“Us to (too),” Chamberlain replied, citing the email from Barton. “We were ready to play.”

So many stories of where we’ve been

Since October I’ve been fortunate to host storytelling events here in Bremerton. Over five months we did three at the Manette Saloon and since March, thanks to a partnership with the Friends of the Kitsap Regional Library Sylvan Way Branch, we’ve been going monthly at the Cloverleaf Sports Bar and Grill. At the bottom of this post I’ve left a few samples of what we’ve heard at the most recent two.

Screen Shot 2015-08-05 at 6.48.21 PMOn Thursday, in addition to hearing great stories around the theme, “The Great Outdoors,” the library will hand out something to prepare you for a special Story Night in October.

Each year the library hosts a monthlong event in October called “One Community, One Book.” The library’s program is designed to get the entire community reading a single book together.

This year’s book is “The Revised Fundamentals of Caregiving,” by Bainbridge Island author Jonathan Evison.  In October Story Night will center on the themes found in the book. Over the next couple of months I’ll get a discussion going on those themes over at the Story Night main page under the Events tab, and on the Story Night Facebook page, which you should go “like” right away.

To prepare you for the One Community One Book event, on Thursday the library will hand out one copy of Evison’s book per household at Story Night. The idea is once you read it, pass it along to someone else. It’s a chance for members of the community to bond over a single story. I’m glad we can do our part.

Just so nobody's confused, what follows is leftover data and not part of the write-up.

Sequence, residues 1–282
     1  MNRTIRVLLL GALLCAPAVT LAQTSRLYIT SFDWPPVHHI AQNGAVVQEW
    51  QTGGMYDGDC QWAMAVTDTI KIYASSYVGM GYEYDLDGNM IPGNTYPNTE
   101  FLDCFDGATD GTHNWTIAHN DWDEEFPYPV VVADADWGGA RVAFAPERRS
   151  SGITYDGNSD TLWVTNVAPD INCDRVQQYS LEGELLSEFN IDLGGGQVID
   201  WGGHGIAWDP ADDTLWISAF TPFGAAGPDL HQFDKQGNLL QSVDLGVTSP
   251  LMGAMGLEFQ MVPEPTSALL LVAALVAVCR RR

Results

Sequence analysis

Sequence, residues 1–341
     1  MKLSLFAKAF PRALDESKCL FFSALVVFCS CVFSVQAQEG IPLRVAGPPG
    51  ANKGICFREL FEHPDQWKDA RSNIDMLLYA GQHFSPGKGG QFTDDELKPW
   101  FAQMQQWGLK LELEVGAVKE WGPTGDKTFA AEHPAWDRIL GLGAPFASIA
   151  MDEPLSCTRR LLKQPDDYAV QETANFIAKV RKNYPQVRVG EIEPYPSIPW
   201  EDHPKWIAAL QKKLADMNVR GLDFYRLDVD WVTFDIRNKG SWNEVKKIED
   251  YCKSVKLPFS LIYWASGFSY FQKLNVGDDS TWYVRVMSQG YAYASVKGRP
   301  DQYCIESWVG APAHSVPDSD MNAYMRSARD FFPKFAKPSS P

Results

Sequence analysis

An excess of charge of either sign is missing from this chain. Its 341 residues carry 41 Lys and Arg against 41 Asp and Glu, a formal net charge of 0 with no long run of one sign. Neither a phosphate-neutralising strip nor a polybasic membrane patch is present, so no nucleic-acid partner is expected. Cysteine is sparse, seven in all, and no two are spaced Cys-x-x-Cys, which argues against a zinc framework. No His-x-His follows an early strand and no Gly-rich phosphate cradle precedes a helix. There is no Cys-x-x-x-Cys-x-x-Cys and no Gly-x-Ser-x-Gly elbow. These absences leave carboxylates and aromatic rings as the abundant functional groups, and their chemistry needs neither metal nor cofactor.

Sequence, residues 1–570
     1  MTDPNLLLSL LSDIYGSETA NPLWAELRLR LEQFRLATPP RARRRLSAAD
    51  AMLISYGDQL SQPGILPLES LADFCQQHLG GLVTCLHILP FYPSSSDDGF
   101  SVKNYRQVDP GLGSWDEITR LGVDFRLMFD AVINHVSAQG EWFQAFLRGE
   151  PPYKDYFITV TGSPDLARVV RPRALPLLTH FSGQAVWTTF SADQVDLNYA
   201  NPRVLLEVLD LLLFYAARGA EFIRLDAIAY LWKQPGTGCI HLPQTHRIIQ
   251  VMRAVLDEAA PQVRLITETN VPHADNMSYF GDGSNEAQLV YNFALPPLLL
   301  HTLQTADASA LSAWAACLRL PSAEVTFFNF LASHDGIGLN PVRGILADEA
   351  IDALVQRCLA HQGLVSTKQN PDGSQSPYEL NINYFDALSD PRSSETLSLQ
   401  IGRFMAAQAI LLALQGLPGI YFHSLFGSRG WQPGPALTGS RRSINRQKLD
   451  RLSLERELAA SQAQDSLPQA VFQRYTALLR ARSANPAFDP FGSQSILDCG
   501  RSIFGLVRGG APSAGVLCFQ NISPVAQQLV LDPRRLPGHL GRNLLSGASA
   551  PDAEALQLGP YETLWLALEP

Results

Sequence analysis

I’m a believer in our stories. I wanted to start Story Night in some part because I wanted to get better at live storytelling. I’m not sure that has happened for me personally, but what has happened is I have managed to get connected to a part of our community I might not have otherwise known. We understand each other better through our stories. We find ourselves more willing to shed our judgment through our stories. We empathize. We don’t always agree, but we see someone we might have discounted as an enemy as a teacher. We relate in ways we didn’t know we could.

And we have fun.

Thursday’s event begins at 7 p.m. Most Story Nights are on the first Thursday of the month, but September’s will be on Sept. 2, the first Wednesday. Even our best storytellers have to cede the room to the Seahawks for a preseason game. The theme that night will be “Offended.”

Want a taste? The first story below was told at our June event by Alison Loris. The theme that night was “Advice,” and Alison told us a story about the advice she received from her former husband Jesse Bernstein, a Seattle poet and performer.

The second recording features two stories on the “Summer or temp jobs” theme from July. Scott Park explains the story behind why he wears long sleeves at work even on the hottest of days. Rosi Farley details the grueling work of laughing for pay.


Online fundraising used to help Bremerton, Kingston families


Kailey Rife quickly started a GoFundMe campaign for her parents who lost everything but their family in a Bremerton house fire late Saturday night.

Rife’s mother came home around 10:30 p.m. Saturday night to find a couch in the basement on fire, and was able to get her husband and two children out of the home.

The Rifes have five children and two of them still live at home.

Rife’s mother stays at home to take care of the two youngest children and her father is a retired Navy veteran with 22 years of service, according to the fundraising page.

The online campaign has raised more than $1,000 in a day with a goal of $10,000.

Another local GoFundMe campaign continues to fundraise for a Kingston family involved in a car wreck on March 11.

Jim Norberg, 53, and his daughter, Kayli Norberg, 14, were airlifted to Harborview Medical Center with critical injuries, according to the campaign website.

Kayli had head injuries and a broken femur in the wreck, and her father had  head injuries, two shattered ankles, a shattered femur and a lacerated liver, along with multiple other broken bones.